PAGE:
Institute for Policy Integrity

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Publications

Viewing all publications in Academic Articles/Working Papers
  • Rethinking Health-Based Environmental Standards
    Academic Article/Working Paper

    Rethinking Health-Based Environmental Standards

    By Michael A. Livermore and Richard L. Revesz
    April 9, 2014

    In Whitman v. American Trucking, the Supreme Court interpreted the Clean Air Act to require the EPA to set the National Ambient Air Quality Standards (NAAQS), without considering costs. Instead, the agency must rely exclusively on health-related criteria. The authors argue that such health-based standards are problematic because there is no coherent way to set the permissible level of pollution based on health considerations alone and, ironically, the NAAQS have generally been set at levels that are inefficiently lax from an economic perspective. The authors urge a reinterpretation of the American Trucking case that would allow the EPA to consider costs-benefit analysis when it would lead to more stringent standards, as it currently does for most regulated pollutants.

  • Global Warming: Improve Economic Models of Climate Change
    Academic Article/Working Paper

    Global Warming: Improve Economic Models of Climate Change

    By Richard L. Revesz, Peter H. Howard, Kenneth Arrow, Lawrence H. Goulder, Robert E. Kopp, Michael A. Livermore, Michael Oppenheimer, and Thomas Sterner
    April 4, 2014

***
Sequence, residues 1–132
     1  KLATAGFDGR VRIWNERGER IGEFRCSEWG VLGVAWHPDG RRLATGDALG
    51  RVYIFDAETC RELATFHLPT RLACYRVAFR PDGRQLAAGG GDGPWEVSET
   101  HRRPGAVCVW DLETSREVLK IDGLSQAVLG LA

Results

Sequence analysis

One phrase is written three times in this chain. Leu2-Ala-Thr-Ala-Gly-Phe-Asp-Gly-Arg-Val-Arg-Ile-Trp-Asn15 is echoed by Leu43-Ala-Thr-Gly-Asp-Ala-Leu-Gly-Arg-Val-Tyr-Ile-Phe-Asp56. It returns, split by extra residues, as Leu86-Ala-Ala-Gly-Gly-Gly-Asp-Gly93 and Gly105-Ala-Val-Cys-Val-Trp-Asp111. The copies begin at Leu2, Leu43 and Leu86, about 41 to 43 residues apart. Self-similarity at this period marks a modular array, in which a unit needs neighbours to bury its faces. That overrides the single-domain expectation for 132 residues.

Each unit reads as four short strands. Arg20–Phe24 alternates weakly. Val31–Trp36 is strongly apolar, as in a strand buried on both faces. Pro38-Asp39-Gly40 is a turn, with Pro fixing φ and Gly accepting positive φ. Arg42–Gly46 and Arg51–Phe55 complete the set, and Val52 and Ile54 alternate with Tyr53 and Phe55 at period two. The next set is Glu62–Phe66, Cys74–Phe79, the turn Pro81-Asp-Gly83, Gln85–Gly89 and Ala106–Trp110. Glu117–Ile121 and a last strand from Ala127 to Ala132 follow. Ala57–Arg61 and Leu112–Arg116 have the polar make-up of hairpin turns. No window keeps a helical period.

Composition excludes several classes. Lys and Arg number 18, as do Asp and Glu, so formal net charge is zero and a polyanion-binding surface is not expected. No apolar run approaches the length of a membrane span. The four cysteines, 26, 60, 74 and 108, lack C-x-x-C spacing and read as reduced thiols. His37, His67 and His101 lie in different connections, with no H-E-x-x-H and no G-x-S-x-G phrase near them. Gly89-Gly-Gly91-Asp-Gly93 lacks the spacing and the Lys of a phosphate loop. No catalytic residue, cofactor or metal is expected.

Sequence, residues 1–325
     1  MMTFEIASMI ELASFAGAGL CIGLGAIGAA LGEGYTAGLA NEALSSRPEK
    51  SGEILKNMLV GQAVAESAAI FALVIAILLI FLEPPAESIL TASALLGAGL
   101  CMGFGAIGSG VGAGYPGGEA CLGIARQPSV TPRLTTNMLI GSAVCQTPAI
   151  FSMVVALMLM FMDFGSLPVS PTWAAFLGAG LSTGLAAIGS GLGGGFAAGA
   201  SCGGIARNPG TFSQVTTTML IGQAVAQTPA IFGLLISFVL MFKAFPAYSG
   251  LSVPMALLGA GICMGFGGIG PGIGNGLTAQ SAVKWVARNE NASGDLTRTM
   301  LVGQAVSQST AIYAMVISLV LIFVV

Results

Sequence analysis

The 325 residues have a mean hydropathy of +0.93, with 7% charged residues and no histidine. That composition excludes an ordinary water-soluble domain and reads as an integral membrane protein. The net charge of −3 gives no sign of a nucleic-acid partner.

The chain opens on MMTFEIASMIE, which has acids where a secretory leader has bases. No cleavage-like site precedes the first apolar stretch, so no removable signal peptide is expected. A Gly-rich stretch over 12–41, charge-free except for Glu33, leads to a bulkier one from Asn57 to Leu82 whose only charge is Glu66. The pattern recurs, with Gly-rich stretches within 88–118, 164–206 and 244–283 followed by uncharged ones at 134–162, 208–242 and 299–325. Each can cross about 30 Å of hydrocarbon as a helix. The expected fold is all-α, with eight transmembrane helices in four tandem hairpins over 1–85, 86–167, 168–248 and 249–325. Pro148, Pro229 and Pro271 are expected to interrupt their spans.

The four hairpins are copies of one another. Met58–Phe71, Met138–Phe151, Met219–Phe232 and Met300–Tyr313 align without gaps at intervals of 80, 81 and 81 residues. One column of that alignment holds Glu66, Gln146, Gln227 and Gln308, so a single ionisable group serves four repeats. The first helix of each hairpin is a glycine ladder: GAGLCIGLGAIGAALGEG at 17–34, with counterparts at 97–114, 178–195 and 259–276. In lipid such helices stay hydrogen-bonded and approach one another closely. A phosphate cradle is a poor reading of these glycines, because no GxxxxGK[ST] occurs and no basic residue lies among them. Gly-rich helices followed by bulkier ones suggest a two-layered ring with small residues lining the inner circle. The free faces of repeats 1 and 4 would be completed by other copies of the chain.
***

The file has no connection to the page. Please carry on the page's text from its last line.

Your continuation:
Costs of carbon emissions are being underestimated, but current estimates are still valuable for setting mitigation policy, say Richard L. Revesz, Peter H. Howard, Kenneth Arrow, Lawrence H. Goulder, Robert E. Kopp, Michael A. Livermore, Michael Oppenheimer, and Thomas Sterner.

  • Quantifying Regulatory Benefits
    Academic Article/Working Paper

    Quantifying Regulatory Benefits

    By Richard L. Revesz
    January 7, 2014

    The author responds to an argument made by Cass Sunstein that administrative agencies should use breakeven analysis when unable to quantify benefits of a specific regulation. Breakeven analysis seeks to determine how high nonquantifiable benefits of a regulation would have to be for the benefits to justify the costs. In this Comment, the author argues that breakeven analysis can be useful but is always a second-best technique. The first-best approach is to quantify the benefit.

  • Cost-Benefit Analysis and Agency Independence
    Academic Article/Working Paper

    Cost-Benefit Analysis and Agency Independence

    By Michael A. Livermore
    January 7, 2014

    In “Cost-Benefit Analysis and Agency Independence,” Professor Michael A. Livermore argues that cost-benefit analysis provides a standard that constrains the exercise of OIRA’s power, helping to preserve the autonomy of government agencies in the face of White House review. This argument challenges the prevailing view that cost-benefit analysis is a tool for the President to impose authority over executive agencies.

  • Water Pollution and Regulatory Cooperation In China
    Academic Article/Working Paper

    Water Pollution and Regulatory Cooperation In China

    By Hong Lan, Michael A. Livermore, and Craig A. Wenner
    November 27, 2013

    The costs of China’s record economic growth—including pollution—threaten to undercut its progress if left unchecked. Standing in the way of China’s efforts to control pollution is a complex political system of overlapping levels of local and national authorities. This paper examines recent efforts to address the ill-aligned incentives lead some officials to allow high levels of pollution.